When the group reports in a few days, the Street is not expecting a big improvement in fundamental metrics. The company’s growth projections rely on an increasing number of people betting on sporting events. But until sports resume, there cannot be much revenue for the group.
Therefore, the Street will likely be interested to know if management sees a major impact to FY2021 or long-term plans due to the COVID-19 pandemic. In case of dire projections, investors could easily hit the “sell” button.
DraftKings Stock Has Long-Term Catalysts
2018 was an important year for the evolution of DraftKings’ business model. In May 2018, the U.S. Supreme Court struck down the Professional Amateur Sports Protection Act (PASPA), the federal law that had essentially limited sports betting to a number of states, i.e. Delaware, Montana, Nevada, and Oregon, for the last 25 years. As a result, other states got the green light to establish their own regulated sports betting.
Following the ruling, DraftKings CEO Jason Robins said legalized sports betting would become a big industry. Fantasy game providers have more options to allow gambling, as people can gamble on the outcome of games or point totals.
Recent research concludes that between 2020-2024, the U.S. fantasy sports market is expected to grow by $9.34 billion at a compound annual growth rate (CAGR) of 10%. Similarly, the U.S. sports betting market is expected to hit $5.7 billion by 2024.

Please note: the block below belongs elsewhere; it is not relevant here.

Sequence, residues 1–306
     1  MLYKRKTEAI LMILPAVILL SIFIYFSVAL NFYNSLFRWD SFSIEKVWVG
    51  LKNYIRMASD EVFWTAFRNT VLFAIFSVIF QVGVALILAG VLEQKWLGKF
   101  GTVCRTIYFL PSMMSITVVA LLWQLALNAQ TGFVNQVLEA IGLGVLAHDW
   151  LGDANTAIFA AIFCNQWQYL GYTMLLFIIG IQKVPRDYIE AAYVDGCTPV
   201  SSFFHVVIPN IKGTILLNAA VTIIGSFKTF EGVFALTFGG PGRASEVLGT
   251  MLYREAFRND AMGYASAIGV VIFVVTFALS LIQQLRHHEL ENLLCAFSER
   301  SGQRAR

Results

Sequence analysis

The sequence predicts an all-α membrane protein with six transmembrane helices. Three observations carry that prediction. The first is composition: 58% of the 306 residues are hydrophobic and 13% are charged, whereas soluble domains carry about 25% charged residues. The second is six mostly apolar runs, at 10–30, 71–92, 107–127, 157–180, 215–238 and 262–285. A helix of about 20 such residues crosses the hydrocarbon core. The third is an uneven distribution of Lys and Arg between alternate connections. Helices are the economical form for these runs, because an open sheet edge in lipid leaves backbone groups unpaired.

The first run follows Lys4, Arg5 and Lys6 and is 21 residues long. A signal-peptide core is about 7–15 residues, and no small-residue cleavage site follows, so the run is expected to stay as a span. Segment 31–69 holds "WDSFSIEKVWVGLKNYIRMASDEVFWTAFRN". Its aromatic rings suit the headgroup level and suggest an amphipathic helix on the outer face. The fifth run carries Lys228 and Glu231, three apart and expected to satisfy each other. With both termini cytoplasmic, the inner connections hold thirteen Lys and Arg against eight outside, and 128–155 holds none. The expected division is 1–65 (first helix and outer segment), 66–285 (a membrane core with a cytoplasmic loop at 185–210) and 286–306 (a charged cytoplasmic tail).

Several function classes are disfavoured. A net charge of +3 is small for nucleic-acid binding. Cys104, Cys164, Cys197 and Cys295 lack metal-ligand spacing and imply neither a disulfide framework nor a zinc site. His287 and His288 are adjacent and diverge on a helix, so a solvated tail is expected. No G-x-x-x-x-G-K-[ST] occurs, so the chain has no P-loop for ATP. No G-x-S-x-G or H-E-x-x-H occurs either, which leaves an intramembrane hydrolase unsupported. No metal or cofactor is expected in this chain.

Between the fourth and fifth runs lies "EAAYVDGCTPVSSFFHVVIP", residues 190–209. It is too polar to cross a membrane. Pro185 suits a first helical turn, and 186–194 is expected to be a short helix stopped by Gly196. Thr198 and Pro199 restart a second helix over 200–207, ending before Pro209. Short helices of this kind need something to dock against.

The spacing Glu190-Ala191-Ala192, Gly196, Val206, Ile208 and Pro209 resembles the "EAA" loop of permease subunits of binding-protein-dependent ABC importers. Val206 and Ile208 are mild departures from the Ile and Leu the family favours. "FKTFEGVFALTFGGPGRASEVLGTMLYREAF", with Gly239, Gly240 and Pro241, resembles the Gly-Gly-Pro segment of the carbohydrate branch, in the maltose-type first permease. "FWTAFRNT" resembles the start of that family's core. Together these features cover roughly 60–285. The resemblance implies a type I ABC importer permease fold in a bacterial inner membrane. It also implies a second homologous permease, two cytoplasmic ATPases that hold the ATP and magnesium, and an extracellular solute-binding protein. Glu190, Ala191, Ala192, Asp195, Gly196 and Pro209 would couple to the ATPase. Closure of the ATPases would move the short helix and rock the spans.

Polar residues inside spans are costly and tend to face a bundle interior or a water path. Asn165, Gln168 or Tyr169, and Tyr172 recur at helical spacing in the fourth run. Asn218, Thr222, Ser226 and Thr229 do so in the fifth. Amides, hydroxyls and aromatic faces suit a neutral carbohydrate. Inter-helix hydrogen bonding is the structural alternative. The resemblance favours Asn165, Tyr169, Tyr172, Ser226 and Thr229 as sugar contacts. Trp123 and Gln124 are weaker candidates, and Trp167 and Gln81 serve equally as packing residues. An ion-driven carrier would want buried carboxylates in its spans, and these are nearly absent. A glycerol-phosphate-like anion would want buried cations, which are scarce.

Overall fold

Management has recently moved into the more traditional side of the betting industry. In late July, the company became the first “Official Betting Operator of the PGA TOUR.” This multi-year golf-betting agreement could mean increased potential revenue for DraftKings.
Those investors who want to capitalize on the potential of sports betting as well as the growth in fantasy sports in the U.S. may want to consider doing further due diligence on DraftKings stock.
So Should You Buy DraftKings Stock Now?
In recent years, daily fantasy sports has become an immensely popular activity. Yet it is not yet definite when professional sports will fully be back in our lives. Until then DraftKings stock is likely to be highly volatile. Around its earnings release in the coming days, it is likely to come under pressure.
If you are an investor who also follows technical charts, you may be interested to know that a decline toward the $30-level or even below is likely.
Potential long-term investors may want to see how the next several quarterly reports will come out. With a newly listed company, it is important to see the trend in its fundamental metrics.
Such a wait may also be important if our economy does not pick up as fast as initially priced in by the equity markets. Growth companies like DraftKings tend to burn through cash extremely fast. In case the company does not generate enough revenues, it may easily run into a financial headache.
Tezcan Gecgil has worked in investment management for over two decades in the U.S. and U.K. In addition to formal higher education, including a Ph.D. degree, in the field, she has also completed all 3 levels of the Chartered Market Technician (CMT) examination. Her passion is for options trading based on technical analysis of fundamentally strong companies. She especially enjoys setting up weekly covered calls for income generation. As of this writing, Tezcan Gecgil did not hold a position in any of the aforementioned securities.